Drawing of Uncle Sam in a red, white and blue top hat talking to the world saying Human RIghts Violations

Human Rights Day – December 10

On December 10, 1948, the Universal Declaration of Human Rights was adopted by the United Nations General Assembly. Since 1950, countless events have been held to observe Human Rights Day on December 10. Among such events planned this year are two in Columbus, Ohio:

Jim Leonard and Dan and Barbara Lehman will present their reflections as participants in a Christian Peacemaker Teams delegation to Palestine/Israel, hosted by Central Ohioans for Peace (Columbus Mennonite Church, 35 Oakland Park Ave., 43214), 7-9 PM.

Human Rights Columbus’s celebration of Human Rights Day, recognizing “Columbus Human Rights Champions” Esther Flores, Dureti Mimi Tadesse, and Bill Pelke (First Congregational Church, 444 E. Broad St., 43215), 7-9 PM. The two events, we believe, may serve as examples of attempts to liberate the idea of human rights.

A History of Human Rights

Why is the idea of human rights in need of liberation? Because “[t]o a startling extent, human rights have become prisoners of the contemporary age of inequality,” to use the words of Samuel Moyn, a professor of law and history at Yale University, from his book Not Enough: Human Rights in an Unequal World. As shown in Moyn’s earlier work The Last Utopia: Human Rights in History, the idea of the Rights of Man was first born as a justification for revolution and sovereignty, “invoked by a people to found a nation-state of their own, not to police someone else’s.”

The revolutionary struggle in eighteenth-century France in particular gave the idea a “Jacobin legacy” of social justice. The idea was given an American inflection through the struggle to overcome the Great Depression in the United States, belatedly culminating in FDR’s Second Bill of Rights in 1944. The social and economic rights thus elaborated in crucibles of crisis still found expression in the Universal Declaration of Human Rights. However, those social and economic rights – especially those rights that Americans have yet to enjoy, such as “the right to a standard of living adequate for the health and well-being of himself and of his family, including food, clothing, housing and medical care and necessary social services” – are precisely the ones downplayed by the most powerful human rights NGOs today.

Worse yet than the neglect of social and economic rights is the fact that the rhetoric of human rights has been hijacked, time and again, to promote imperialism. Among the most brazen examples of that in recent history may be Avaaz’s petitions for “no-fly zones” (read: US bombings) in Libya and Syria. Subtler than public petitions for war, yet equally pernicious, is the consistency with which Human Rights Watch, to take the most glaring example, follows the US government’s political agenda, for instance, creating a false impression that right-wing governments like Brazil’s and Colombia’s that are allied with US imperialists are better for human rights than left-wing governments like Venezuela’s. The shared perspectives between the US government and NGOs like Human Rights Watch are no coincidence, for the latter are “non-governmental” in name only. As Keane Bhatt meticulously documented in NACLA, there exists “a revolving door” recycling former “high-level governmental bureaucrats” from the State Department and even the CIA into Human Rights Watch.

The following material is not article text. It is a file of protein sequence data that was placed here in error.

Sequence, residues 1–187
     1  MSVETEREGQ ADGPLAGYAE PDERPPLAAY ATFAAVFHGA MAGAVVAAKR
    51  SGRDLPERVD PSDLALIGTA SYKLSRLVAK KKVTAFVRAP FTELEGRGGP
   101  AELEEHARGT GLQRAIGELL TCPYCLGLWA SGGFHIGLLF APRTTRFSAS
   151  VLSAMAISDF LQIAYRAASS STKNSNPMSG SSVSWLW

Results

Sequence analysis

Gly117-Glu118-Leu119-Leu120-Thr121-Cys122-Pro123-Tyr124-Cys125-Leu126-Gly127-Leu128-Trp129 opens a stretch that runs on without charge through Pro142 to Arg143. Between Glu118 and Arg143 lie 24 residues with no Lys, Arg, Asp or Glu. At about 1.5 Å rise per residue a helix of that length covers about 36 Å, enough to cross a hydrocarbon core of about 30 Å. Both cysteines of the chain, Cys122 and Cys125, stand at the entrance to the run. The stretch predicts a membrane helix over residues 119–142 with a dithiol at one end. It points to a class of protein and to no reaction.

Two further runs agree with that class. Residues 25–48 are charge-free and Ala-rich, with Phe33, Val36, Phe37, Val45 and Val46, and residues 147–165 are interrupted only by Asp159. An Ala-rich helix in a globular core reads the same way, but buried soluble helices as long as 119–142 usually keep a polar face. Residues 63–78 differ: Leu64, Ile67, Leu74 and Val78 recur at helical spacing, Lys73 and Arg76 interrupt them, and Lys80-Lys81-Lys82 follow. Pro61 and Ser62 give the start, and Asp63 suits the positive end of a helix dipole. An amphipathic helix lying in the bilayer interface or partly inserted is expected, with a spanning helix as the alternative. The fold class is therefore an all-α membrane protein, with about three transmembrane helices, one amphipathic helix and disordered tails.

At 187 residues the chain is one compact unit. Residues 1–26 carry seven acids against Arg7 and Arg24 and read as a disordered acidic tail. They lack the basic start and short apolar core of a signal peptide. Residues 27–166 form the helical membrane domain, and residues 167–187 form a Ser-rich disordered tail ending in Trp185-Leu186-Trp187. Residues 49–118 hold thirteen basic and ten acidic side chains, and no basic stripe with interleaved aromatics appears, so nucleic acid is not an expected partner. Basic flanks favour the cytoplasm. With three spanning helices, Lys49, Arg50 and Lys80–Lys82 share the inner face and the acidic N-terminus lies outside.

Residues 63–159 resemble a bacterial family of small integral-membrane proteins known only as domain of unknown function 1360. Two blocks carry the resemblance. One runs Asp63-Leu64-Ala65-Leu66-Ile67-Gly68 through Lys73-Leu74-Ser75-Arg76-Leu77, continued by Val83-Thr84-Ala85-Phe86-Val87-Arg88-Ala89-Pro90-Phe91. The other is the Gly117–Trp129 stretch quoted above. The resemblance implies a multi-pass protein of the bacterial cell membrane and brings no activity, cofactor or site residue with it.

In other words, imperialism and its ideologues have turned the world upside down: a revolutionary idea for popular sovereignty has been expropriated and turned into a counter-revolutionary idea against it. The Universal Declaration of Human Rights itself, as a matter of fact, already harbored a contradiction that lent itself to this ideological inversion. Article 2 of the Declaration, referring to the colonized among others, says, “no distinction shall be made on the basis of the political, jurisdictional or international status of the country or territory to which a person belongs, whether it be independent, trust, non-self-governing or under any other limitation of sovereignty.” It is striking that the Declaration promises non-discrimination between citizens of empires and subjects of their colonies and yet fails to proclaim freedom from colonialism a human right.   

Decolonize Human Rights

Hence the aforementioned necessity, paradoxical as it may sound, to liberate human rights – first and foremost from the shackles of imperialism. It is high time to begin the work of decolonizing human rights. What better way to do so than learn from Christian Peacemaker Teams and fight for the rights of Palestinians, still oppressed by anachronistic, old-fashioned colonialism, or learn from local activists fighting against the deprivation of human rights taking place right here in our own city?

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